I Have Mixed Feelings About Valentine’s Day
“The most desired gift of love is not diamonds or roses or chocolate. It is focused attention.”
– Richard Warren
When I was a kid, Valentine’s Day was easy. We’d make or buy cards, and give one to each kid in our class. We also usually had extra time in art class to draw something heart-related, and we got to eat chocolate. It was a nice break from the winter doldrums.
But as an adult, Valentine’s Day is a minefield. I can’t think of any other holiday that has such a skewed stress:reward ratio.
If you’re single, you’re constantly reminded of that fact, with every corner and grocery store filled with teddy bears and heart-shaped boxes of chocolates. You feel excluded.
Even if you’re dating or married, it can be bewildering to sort out reality from expectations. It’s so commercialized! It seems that every ad on TV is saying to buy flowers, or diamonds, or whatever. Every kiss begins with an overpriced rock. No thank you.
I like to make baked goods for Valentine’s Day, but unless you’re getting a diamond necklace, expensive dinner, and flower bouquet, society says you’re missing out.
Granted, most advertising I just ignore, because it’s way too unrealistic. (Think of the Christmas commercials where people wake up to a brand-new SUV, complete with a bow on it, in the driveway.)
But there’s still pressure to get your beloved a card and a gift. Valentine’s Day is one of those holidays where you just have to keep a stash of stuff hidden in a closet, because even if your loved one says, “Oh, I don’t need anything, really,” there’s the chance they will change their mind and get you something at the last minute, and leave you empty-handed.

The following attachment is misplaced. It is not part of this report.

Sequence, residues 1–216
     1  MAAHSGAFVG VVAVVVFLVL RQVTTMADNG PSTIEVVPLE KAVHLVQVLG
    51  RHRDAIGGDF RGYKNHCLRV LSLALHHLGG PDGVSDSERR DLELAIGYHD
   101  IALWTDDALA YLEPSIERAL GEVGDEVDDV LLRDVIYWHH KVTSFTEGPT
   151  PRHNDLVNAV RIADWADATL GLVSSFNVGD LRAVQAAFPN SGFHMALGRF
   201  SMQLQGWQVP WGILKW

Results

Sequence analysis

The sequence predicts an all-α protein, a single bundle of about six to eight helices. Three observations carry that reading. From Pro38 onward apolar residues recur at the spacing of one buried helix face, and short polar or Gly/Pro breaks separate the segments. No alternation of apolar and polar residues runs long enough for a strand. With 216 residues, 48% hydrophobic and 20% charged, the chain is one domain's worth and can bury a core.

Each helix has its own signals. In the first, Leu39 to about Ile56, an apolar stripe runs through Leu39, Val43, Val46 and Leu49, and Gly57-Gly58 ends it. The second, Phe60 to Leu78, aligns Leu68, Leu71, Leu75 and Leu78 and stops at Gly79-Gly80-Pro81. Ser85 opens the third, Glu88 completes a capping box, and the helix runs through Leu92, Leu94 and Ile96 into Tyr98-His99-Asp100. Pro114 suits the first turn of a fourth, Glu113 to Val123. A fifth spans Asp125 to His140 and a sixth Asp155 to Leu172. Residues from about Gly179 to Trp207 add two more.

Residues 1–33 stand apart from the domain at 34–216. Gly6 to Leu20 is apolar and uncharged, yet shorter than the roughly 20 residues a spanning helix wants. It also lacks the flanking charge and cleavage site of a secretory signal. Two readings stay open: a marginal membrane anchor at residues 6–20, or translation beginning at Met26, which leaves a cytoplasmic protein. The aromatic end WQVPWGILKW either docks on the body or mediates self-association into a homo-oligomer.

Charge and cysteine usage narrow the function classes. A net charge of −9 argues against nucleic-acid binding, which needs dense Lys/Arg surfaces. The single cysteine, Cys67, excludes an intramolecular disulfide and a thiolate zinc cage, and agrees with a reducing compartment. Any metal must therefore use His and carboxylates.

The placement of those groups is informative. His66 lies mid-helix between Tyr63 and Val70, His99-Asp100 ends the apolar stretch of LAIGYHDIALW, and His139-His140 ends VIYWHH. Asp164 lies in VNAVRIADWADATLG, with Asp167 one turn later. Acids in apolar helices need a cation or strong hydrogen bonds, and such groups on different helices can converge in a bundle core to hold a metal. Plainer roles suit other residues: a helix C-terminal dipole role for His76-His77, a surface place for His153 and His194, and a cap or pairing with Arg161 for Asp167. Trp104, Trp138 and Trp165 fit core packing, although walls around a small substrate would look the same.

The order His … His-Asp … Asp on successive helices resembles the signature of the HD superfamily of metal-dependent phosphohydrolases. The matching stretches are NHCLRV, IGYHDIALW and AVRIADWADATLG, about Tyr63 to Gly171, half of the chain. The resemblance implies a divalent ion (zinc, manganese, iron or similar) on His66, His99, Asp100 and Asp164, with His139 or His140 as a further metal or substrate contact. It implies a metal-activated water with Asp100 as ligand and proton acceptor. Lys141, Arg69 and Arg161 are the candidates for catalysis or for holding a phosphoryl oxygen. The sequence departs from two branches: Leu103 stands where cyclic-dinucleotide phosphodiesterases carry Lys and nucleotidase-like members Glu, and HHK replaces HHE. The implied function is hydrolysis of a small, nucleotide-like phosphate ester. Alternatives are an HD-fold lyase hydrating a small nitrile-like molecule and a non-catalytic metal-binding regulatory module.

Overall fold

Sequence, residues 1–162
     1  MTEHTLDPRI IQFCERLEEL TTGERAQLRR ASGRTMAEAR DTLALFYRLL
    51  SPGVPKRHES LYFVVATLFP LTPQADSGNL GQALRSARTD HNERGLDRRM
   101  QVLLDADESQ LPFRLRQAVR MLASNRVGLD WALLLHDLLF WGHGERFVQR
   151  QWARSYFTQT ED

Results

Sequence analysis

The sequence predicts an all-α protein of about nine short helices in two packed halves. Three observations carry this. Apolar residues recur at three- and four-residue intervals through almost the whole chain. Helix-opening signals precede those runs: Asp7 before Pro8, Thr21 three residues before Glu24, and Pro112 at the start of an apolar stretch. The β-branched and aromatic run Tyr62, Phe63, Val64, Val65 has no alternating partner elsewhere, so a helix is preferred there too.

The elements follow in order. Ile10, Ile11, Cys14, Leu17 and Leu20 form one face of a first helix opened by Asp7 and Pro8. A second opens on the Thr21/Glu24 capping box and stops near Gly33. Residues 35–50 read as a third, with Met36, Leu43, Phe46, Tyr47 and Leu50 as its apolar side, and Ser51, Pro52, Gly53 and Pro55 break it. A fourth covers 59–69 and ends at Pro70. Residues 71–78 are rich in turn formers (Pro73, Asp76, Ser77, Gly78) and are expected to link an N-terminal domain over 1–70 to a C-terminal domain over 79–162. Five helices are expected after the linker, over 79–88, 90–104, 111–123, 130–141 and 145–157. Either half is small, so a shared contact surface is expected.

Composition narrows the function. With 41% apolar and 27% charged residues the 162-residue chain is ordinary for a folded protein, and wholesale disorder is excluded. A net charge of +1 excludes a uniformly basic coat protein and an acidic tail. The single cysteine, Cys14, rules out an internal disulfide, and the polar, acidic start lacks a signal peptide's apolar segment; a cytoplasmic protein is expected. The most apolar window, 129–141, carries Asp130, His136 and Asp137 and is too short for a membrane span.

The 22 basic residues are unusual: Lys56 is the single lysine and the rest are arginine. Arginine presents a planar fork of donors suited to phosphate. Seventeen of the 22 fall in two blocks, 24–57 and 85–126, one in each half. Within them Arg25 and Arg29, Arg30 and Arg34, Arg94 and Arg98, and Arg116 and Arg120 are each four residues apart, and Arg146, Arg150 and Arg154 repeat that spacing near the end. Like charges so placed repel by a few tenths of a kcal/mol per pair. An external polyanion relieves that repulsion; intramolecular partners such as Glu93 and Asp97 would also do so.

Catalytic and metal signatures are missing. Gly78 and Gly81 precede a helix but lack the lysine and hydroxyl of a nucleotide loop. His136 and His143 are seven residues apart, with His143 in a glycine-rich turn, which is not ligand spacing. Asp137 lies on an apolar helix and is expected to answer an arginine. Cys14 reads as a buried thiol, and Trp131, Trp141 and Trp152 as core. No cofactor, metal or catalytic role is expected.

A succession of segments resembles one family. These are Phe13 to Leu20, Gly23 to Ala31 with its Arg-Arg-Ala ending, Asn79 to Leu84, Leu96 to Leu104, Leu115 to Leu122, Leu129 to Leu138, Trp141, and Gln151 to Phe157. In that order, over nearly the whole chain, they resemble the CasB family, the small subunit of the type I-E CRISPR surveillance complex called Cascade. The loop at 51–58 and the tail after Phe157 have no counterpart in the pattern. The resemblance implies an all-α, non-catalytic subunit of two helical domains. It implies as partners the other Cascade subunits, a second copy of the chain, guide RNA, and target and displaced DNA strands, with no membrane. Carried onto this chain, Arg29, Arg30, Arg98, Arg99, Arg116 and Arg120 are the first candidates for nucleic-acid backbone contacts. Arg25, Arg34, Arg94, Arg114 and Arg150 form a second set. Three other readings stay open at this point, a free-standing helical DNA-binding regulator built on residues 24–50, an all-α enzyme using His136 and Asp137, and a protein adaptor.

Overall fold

The holiday’s origins are weird. It could possibly be traced back to a fertility festival where animals were sacrificed for women’s fertility. Now that’s something to commemorate with a necklace!
It’s traditionally traced back to St. Valentine, who was killed for helping people get married. Buying a $75 floral arrangement doesn’t seem so bad now, does it? Oddly enough, he’s also the patron saint of beekeeping.
You would think that florists love Valentine’s Day, but most of them seem to hate the holiday rush. Let’s see, everyone wants flowers delivered, but it’s freezing and icy outside. And everyone wants red roses. At least for Mother’s Day, the weather is nicer and people will accept a variety of flowers.
Valentine’s Day is historically a big movie night, with a lot of films being released, even when the 14th doesn’t fall on a Friday. But going to a movie theater on a weekday evening feels like I’m making an appointment. Showings seem to be either at 6:05 (no time for dinner after work) or 7:30 (sold out) or 10:30 (hope you like being tired at work tomorrow!) And nothing says romance and intimacy like sticky floors and cold popcorn.
This year, I want to do something different, but I’m not sure what. Should we go out to dinner? Should I cook dinner? I definitely need to buy chocolate, but what else?
In any case, for a couple, skipping Valentine’s Day is simply out of the question. Not recognizing the occasion is a social faux pas on the level of forgetting to give someone a birthday gift. At some level, participation is mandatory.
I suppose I could just block out an evening and enjoy time with my husband, and not stress about it. That’s a possibility not mentioned in advertisements. I’ll have to try it.